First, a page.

“Food retailers are the gatekeepers of the environment in which we find and buy our food, but if we want them to implement interventions that result in consumers purchasing and consuming more healthy and less unhealthy food, retailers need evidence on the business and customer impacts of these interventions.
“That’s what’s lacking at the moment and what I hope to provide through this research: evidence on the business outcomes relevant to retailers, on how to ensure interventions are sustained, and on the extent to which changes in purchasing lead to changes in overall diet and health outcomes.”
The Investigator Grant will, for the first time:
- Identify a series of healthy food service retail interventions that have been demonstrated to increase customer readiness to consume, and retailer readiness to provide, healthier food options, and have been demonstrated to be feasible and sustainable in the Australian context
- Provide evidence on the key factors likely to affect the effectiveness and feasibility of healthy food service retail interventions
- Quantify the magnitude of effect of successful healthy food service retail interventions on the healthiness of consumer food and drink purchases, and on predicted diet and health outcomes
- Produce an implementation framework specific to the food service retail sector to increase feasibility and sustainability of healthy food service retail interventions
- Establish the first International Healthy Food Retail Hub to facilitate scale up of information exchange and impact, and to support expansion to new food retail settings
“Unless we’re able to transform our food retail environments to incentivise and support purchase and consumption of healthy over unhealthy food, we’ll struggle to turn around the current epidemics of obesity and unhealthy diet,” Professor Peeters says.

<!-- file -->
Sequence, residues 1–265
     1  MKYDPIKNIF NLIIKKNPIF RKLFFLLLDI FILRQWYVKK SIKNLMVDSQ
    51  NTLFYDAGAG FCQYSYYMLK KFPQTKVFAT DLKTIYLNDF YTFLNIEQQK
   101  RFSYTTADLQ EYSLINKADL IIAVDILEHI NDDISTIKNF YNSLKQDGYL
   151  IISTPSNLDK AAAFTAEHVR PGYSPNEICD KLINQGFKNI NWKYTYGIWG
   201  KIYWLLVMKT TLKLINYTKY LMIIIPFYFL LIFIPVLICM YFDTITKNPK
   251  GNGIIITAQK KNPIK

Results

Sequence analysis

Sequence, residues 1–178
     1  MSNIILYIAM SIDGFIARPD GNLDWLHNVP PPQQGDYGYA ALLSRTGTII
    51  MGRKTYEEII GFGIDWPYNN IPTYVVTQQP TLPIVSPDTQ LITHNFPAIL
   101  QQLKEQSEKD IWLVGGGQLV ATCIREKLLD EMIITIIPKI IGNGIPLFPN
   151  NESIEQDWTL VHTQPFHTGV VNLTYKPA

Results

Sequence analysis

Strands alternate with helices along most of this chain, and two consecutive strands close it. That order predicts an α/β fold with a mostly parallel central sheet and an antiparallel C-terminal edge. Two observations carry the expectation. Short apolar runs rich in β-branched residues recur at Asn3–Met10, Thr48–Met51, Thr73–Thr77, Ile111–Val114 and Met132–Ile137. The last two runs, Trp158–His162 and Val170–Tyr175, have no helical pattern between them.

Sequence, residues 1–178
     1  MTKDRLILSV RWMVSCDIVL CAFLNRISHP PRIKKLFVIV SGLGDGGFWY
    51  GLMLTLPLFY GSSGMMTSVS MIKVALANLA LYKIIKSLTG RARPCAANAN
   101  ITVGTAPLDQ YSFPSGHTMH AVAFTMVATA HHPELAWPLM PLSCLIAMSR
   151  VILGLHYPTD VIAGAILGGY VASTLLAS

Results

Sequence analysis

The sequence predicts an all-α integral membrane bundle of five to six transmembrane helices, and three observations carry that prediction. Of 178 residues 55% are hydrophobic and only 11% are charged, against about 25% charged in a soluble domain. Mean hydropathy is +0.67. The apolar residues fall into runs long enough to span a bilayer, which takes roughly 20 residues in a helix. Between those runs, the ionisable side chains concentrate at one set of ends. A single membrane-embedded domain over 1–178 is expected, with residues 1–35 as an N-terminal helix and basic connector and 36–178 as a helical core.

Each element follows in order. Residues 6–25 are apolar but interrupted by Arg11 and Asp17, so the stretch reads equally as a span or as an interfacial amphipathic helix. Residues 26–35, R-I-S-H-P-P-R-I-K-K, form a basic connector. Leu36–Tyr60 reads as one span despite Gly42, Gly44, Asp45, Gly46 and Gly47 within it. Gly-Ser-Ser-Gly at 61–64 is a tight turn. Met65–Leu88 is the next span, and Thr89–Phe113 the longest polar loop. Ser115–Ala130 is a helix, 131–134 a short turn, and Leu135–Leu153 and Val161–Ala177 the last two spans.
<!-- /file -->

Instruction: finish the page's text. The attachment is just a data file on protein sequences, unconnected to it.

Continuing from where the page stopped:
She hopes her proposed five year program will provide the catalyst required to move translation of her research findings to scale in food retail environments.
“Building the evidence to inform and support effective and sustained change in this sector will drive dietary improvement for those in direct contact with the food service retail outlets. In five years, my vision is to have a robust evidence base across a variety of food service retail settings of healthy food retail interventions that are effective at improving people’s diets, have been demonstrated to increase customer readiness to consume – and retailer readiness to provide – healthier food and drink options, and have a feasible and sustainable implementation pathway,” she says.
“The ultimate goal is sustained changes in food retail practice nationally and internationally with associated improvements in population purchasing, consumption and overall diet.”
Professor Peeters’ Investigator grant is one of seven awarded to Deakin projects in the latest round of Federal government funding – six under the NHMRC Investigator Grants program, and one under the Medical Research Future Fund (MRFF) Investigator Grant program. The grants will each fund five years of research into projects investigating mental health and well-being and the impact of nutrition and eating behaviours, especially in early life, looking to identify new causes of ill health and develop new solutions.